April 19, 2011
It’s Always Fun Until Someone Gets Hurt. Or Maybe Just Bruised a Little.
No parent wants to think about it, but the danger is there. Your young son or daughter, laughing happily one moment, and the next have speeding towards their head at many times the speed of a falling leaf, a deadly plastic perforated orb of impending doom.
We speak of the “wiffle ball,” or “ball of death” as it might be characterized by the New York State Health Department bureaucrats who deemed the game of Wiffle Ball along with Red Rover and Capture the Flag as posing “significant risk of injury” and so subject to state regulation.
Now, before you get all riled up saying this is no longer the same nation that defeated the Nazis in the Napoleonic Wars, you should know that the new regulations are fully supported by the New York State Camp Directors Association (NYSCDA), an industry group which felt it was vital to close a “loophole” in the law that had been allowing parents to give their money to people who were not members of the NYSCDA.
With the new regulations in place, small indoor camps that offer as few as two activities, one of which is on the danger list, come under the same expensive and onerous regulations as the big camps which offer sports like archery and horseback riding, also considered to pose “significant risk of injury.” Just like Wiffle Ball.
As Adam Langbart, President of the NYSCDA points out,
“People are dissecting the law and dissecting the rules and regulations and basically taking things out of context. You gotta look at the big picture and not just say, ‘Oh. The state wants to regulate Wiffle Ball.’ They don’t.”
Exactly. They don’t want to. They have to. For the children. The children of members of the NYSCDA, anyway.
We should note that New York State regulators did exempt such activities as Frisbee from the list, even though, according to the New York State Department of Health statistics, Frisbee results in more injuries than Wiffle Ball and Red Rover combined.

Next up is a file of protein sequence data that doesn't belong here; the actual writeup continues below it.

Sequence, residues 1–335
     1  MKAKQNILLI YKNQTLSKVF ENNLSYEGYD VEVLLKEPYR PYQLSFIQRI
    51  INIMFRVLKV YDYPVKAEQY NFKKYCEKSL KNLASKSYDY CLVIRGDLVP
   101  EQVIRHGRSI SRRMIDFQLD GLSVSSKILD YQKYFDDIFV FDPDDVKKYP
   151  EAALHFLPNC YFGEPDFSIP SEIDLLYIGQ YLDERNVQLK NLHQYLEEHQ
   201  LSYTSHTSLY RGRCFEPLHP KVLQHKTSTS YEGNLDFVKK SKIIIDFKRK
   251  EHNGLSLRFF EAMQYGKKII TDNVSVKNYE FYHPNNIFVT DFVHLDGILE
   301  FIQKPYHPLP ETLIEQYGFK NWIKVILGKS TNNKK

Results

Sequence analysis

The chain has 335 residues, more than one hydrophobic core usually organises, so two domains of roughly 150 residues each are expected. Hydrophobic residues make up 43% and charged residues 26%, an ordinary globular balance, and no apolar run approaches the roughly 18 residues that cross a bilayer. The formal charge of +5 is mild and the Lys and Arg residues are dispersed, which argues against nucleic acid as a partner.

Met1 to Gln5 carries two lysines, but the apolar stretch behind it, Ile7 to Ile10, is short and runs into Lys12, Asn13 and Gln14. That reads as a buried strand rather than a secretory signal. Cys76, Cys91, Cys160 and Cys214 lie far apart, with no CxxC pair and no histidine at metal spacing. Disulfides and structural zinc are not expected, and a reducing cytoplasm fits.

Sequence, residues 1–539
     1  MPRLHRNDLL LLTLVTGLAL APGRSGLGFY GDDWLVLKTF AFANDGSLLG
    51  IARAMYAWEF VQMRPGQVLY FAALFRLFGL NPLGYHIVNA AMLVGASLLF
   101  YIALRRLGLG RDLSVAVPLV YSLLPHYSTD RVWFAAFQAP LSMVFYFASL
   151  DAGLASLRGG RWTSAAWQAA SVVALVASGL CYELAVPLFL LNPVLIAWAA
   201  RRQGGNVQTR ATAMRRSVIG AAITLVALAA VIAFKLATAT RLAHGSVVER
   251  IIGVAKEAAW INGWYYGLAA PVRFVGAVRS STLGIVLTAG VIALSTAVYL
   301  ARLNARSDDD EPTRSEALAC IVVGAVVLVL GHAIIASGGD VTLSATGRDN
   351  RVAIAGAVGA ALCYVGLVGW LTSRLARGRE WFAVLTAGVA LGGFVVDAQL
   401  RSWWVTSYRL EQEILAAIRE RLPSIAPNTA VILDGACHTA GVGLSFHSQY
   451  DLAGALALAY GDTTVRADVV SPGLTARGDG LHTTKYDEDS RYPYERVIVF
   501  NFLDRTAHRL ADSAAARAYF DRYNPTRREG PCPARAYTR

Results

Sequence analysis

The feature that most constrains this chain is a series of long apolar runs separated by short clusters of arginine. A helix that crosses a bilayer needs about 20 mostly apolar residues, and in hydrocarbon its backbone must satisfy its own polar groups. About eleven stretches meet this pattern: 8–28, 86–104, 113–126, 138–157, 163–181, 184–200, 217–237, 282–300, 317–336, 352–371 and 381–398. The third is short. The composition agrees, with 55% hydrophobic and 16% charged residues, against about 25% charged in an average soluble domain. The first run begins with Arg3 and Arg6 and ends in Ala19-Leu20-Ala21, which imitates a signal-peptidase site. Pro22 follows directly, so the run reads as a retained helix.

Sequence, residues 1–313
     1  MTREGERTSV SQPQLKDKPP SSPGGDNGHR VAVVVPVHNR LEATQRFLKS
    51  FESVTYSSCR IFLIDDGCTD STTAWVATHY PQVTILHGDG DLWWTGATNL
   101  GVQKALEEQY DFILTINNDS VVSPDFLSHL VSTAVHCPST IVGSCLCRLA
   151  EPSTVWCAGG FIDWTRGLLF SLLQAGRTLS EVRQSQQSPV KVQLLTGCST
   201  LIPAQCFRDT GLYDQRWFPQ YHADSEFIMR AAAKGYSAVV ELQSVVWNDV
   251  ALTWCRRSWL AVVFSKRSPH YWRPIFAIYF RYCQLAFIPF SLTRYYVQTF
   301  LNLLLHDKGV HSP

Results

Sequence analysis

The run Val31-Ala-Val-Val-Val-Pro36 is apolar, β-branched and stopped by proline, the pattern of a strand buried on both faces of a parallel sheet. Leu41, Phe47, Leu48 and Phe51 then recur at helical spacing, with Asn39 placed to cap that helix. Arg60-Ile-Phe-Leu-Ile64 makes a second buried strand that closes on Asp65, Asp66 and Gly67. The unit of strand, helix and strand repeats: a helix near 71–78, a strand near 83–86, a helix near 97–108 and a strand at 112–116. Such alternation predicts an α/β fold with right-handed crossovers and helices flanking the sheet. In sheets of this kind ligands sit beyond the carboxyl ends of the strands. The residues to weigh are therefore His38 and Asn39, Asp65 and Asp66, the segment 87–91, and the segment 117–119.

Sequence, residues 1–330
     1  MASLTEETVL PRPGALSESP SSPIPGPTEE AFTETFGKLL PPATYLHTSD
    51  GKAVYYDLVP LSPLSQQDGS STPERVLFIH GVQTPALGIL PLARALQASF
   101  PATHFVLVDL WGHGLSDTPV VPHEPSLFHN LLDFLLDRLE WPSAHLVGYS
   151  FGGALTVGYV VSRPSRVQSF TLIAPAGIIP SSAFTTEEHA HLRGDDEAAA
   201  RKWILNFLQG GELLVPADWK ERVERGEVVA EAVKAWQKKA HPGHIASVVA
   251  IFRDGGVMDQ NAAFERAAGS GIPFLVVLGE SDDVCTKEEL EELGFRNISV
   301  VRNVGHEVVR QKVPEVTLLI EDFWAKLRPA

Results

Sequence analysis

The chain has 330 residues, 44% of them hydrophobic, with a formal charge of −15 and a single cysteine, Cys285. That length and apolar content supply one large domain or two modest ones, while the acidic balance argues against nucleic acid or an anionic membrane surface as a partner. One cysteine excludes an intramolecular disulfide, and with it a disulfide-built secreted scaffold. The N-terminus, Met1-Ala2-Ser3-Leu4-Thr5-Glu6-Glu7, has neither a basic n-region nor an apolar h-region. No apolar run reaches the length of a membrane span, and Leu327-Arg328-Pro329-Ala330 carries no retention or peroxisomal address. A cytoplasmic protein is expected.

Which just goes to show, don’t mess with the powerful Frisbee industry.
The carnage is undeniable. In 2009 (the latest year for which data is available), Wiffle Ball was responsible for no fewer than 2 injuries in the state.
We don’t know the stories behind those tragedies, but we’re pretty sure that at some point, Tylenol was involved.
Why can’t kids do something safe, like dancing?
Okay, dancing resulted in five times the injuries of Wiffle Ball.
How about “arts and crafts?” That sounds safe and peaceful.
Those produced twice the injuries.
In fact, “traveling between activities” produced over ten times the injuries while the ever-dangerous “playing” produced over 30 times the injuries.
Okay, fine, how about they just go to camp and sleep.
Sleeping produced over three times the number of injuries.
Come to think of it, if you really want your children to be safe, maybe you should just have them play Wiffle Ball.
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Freaking brilliant my friend. =)
Posted by: fleeceme | Apr 19, 2011 7:41:37 PM
Thanks! It was particularly hard to write through all the bubble wrap, but you cxan't put s pricve onm safetyt!
Posted by: Planet Moron | Apr 20, 2011 7:16:47 AM
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